It’s not just my music, either. I seem to reach a certain point with all of my dreams and then everything stops. An example is my comedy short (screenplay).

It took me just a few hours for the screenplay to come through me; it must be nine or ten years ago now (how is that possible?). As soon as I wrote it, I took it to my screenwriting group and they did a reading. They loved it. No changes needed.

Next, I submitted it to some writing contests. I had heard that’s a good way to find an agent, or just open yourself up to opportunities. It’s a fairly long process. You submit your screenplay, pay a nominal fee, and maybe six months later, they announce the winners.

I moved on and forgot about the contests. A few months later, I started getting emails telling me I had won the contest, or in some cases, placed highly. Not in just one contest, but in all of them. Wow, I was officially an award-winning writer. I even had some Hollywood producers reach out wanting to know if I had any feature film scripts they could consider.

One of the contests where I took first place was the First Glance Film Festival (Philadelphia). People, this is no po-dunk festival. This is an Oscar-eligible festival. Grand prize was 50% of production costs covered and would even let me co-direct. (That means I have creative control, every writer’s dream.)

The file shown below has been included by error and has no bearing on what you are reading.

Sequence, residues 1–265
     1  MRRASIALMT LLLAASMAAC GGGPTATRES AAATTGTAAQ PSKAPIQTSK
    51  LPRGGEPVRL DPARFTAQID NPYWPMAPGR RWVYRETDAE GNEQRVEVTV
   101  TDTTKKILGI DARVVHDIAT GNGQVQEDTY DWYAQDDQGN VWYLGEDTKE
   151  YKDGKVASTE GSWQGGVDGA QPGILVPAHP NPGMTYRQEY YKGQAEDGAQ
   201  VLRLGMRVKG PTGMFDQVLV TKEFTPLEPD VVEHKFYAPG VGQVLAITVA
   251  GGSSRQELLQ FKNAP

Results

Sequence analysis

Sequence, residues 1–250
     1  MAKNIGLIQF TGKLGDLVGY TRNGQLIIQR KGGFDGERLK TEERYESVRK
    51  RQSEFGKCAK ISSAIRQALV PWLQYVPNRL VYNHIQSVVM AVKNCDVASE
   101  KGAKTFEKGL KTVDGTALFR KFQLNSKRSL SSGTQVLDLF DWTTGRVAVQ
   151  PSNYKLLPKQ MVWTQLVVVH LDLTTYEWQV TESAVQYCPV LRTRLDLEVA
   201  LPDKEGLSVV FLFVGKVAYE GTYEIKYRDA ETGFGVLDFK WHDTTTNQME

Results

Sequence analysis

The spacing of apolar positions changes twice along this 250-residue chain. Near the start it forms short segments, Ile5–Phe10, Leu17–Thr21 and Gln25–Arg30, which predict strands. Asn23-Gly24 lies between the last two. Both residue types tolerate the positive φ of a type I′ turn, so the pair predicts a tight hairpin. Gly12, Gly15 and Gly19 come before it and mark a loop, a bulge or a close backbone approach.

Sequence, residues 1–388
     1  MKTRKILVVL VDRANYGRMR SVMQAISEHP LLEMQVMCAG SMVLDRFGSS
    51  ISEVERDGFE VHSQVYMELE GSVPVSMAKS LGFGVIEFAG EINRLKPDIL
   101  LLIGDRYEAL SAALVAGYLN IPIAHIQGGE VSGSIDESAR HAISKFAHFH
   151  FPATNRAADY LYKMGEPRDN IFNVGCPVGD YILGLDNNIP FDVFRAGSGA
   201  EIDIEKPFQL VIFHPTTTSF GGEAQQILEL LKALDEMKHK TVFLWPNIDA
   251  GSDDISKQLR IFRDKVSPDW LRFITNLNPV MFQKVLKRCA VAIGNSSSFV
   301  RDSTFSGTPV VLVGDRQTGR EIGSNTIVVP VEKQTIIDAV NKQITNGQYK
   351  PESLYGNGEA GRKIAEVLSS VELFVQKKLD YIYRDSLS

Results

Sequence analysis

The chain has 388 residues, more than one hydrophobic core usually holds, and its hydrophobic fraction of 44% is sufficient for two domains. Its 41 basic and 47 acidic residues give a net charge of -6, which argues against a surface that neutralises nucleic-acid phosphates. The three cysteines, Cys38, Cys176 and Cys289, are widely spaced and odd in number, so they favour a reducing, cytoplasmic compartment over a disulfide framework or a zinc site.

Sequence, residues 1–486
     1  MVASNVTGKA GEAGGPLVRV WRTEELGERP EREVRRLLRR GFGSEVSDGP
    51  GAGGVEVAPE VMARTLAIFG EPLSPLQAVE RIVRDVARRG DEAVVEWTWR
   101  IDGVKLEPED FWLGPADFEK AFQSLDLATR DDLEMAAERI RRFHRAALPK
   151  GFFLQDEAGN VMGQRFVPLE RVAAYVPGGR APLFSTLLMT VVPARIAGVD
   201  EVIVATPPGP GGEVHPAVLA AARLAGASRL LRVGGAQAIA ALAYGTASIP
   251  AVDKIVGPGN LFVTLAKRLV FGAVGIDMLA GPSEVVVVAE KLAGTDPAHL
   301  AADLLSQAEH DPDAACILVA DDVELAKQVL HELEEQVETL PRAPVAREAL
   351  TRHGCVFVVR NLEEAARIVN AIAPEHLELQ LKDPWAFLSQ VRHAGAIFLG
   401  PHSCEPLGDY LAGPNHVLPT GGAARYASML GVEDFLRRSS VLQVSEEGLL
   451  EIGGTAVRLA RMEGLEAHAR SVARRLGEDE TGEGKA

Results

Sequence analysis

They reached out immediately after I won, wanting to get going. Great, I told them. And the next thing I did was …

… nothing. At the time, we were headed into the Great Recession of 2008-2009, and I was in survival. I told them I needed to focus on generating income in my life but that I’d be ready to go soon. They said, “Hey, no hurry. We’re ready when you are.” But that day never came. (For Pete’s sake, I even know a film director in Philadelphia, where they wanted me to shoot, who said she was at my beck and call.)

But what’s my excuse now that I have an email list of several thousand people who love me and there is such a thing as crowd-funding? I mean, what the hell am I waiting for?

And so here we are, back to my singing. I have exactly two months and 13 days to get my act together, continue to get my voice in shape, find a venue, find musicians, fund the project, finish my songs, choose my cover songs and – almost forgot – formally invite my friends and family to come and see me.

The demands of life never seem to slow down, and I refuse to let conditions deter me – it’s just a made-up reason that doesn’t hold water.

I can see in the big picture of my life how I create situations that allow me to justify not moving forward – situations that look like a crisis, and seem like really good excuses for getting nowhere with what is truly important to me. And because these situations work so well, I keep recreating them.

Today I feel frustrated and angry with myself, and I have to ask, “Are you doing this thing or not?” After all, I don’t have to do it. It’s a choice, just like it’s a choice to die with my creations inside of me. Everything is a choice.

Can I be ready in 74 days?

Yes, I can be ready.

Will I be ready? I sure as hell hope so. Ready or not, I’m getting on a stage.

And once I do that, I’m making that darn screenplay into a movie.

Worth a listen: Driftwood, by Travis